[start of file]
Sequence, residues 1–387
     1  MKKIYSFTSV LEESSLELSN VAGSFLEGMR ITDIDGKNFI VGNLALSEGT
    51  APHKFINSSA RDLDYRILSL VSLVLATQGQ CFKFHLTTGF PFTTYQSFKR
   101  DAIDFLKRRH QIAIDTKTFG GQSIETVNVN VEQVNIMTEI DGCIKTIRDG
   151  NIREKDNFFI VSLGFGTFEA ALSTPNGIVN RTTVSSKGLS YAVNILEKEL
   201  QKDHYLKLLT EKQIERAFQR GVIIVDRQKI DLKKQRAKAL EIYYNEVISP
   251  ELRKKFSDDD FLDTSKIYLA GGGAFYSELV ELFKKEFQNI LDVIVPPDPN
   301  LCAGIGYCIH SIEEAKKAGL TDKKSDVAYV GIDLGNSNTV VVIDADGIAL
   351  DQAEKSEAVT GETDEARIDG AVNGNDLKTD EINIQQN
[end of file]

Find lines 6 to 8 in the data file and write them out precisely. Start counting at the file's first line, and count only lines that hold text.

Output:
   201  QKDHYLKLLT EKQIERAFQR GVIIVDRQKI DLKKQRAKAL EIYYNEVISP
   251  ELRKKFSDDD FLDTSKIYLA GGGAFYSELV ELFKKEFQNI LDVIVPPDPN
   301  LCAGIGYCIH SIEEAKKAGL TDKKSDVAYV GIDLGNSNTV VVIDADGIAL